Monday, March 7, 2011

[1938] Locations: The Airstrip

File:RAF Sopwith Camel.jpg
About a third of a mile past the edge of Port St. Mary is a lonely airstrip. Currently occupied by BUF forces, it is constantly threatened with being cut off from the rest of the besieged town.

The airstrip consists of a dirt track that acts as the landing field, an old two-story house (the airstrip's "office"), an even older barn (the "hangar") and a couple of shacks. There is no tower and the radio antenna (next to the house) was destroyed in recent fighting.

The airstrip has no planes in operation, though there are several around the field in various stages of disrepair or with extensive battle damage. One could, with enough time, cobble together a plane, but who'd be crazy (or bored) enough to do that? Who indeed? Additionally, there is enough fuel in the fuel shack (that's the one with all the sandbags piled around it, right over there to the left. See it?) to keep the BUF garrison in molotov cocktails for some time (or fuel a plane for nearly a half-dozen flights).

BUF forces occupy all the buildings in force with well-protected machine gun nests on top of both the office and the hangar, each covering half of the approaches. There is a half-trench between the buildings, protected with sandbags and other bric-a-brac (including tyres, plane parts, a goat cart, and part of a rusted, old farm truck) on both sides.

In the hanger is a WWI Sopwith Camel, being painstakingly repaired by one of the more mechanically-inclined privates and a couple of others who are bored enough to do the heavy lifting. So far, he's got the engine rebuilt and the mechanisms working and is finishing up on repairing the wings and fuselage. It currently does not have any weapons mounted on it.

The danger that an operational plane presents to the Manx forces is extreme (at least in their mind). Even though they control most of the field, a lucky pilot (of which the BUF forces have none, but who's to know that) might get the plane off the ground and into the air. That could cause some trouble. Manx commanders would rather have the plane in their possession than destroyed but so far every attempt to steal (or if necessary destroy) it has failed.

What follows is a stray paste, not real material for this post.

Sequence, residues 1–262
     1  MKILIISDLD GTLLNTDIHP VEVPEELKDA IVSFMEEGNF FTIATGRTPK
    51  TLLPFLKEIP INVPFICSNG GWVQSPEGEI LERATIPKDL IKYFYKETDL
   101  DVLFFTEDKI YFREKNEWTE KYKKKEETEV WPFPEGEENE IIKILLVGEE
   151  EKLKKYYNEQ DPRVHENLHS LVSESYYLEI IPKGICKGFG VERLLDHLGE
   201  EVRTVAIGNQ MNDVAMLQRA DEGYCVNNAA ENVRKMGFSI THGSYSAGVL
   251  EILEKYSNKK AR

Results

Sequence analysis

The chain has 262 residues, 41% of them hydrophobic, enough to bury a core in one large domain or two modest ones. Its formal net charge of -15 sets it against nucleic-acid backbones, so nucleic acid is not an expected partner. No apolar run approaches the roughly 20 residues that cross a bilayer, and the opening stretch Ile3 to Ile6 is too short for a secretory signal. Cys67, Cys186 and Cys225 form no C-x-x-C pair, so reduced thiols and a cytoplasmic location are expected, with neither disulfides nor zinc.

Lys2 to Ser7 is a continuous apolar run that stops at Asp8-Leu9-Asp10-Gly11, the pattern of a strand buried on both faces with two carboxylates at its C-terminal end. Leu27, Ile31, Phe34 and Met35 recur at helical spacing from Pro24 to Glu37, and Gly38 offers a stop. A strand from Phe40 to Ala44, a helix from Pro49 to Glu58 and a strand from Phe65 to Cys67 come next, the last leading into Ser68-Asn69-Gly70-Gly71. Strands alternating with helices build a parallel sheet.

To the BUF soldiers (and unknown to the Manx), the plane represents a morale-boosting symbol, that despite their precarious position at a lone airfield on a hostile island, they all imagine themselves flying away, away from this crazy town. Over the past weeks, as the plane has been rebuilt and resembling an actual plane, that esprit de corps has increased. And they're willing to defend the plane with their lives, as a living symbol of their hopes and dreams.

These two conflicts will lead both sides, Manx and Fascist, to do some pretty crazy things, surprising things, even heroic and valiant things.

And guess who was given the task to get that plane? Thanks for volunteering, gentleman. We don't have much but we may be able to provide some bits and bobs of equipment. We need the plane before the weekend, can you do it?

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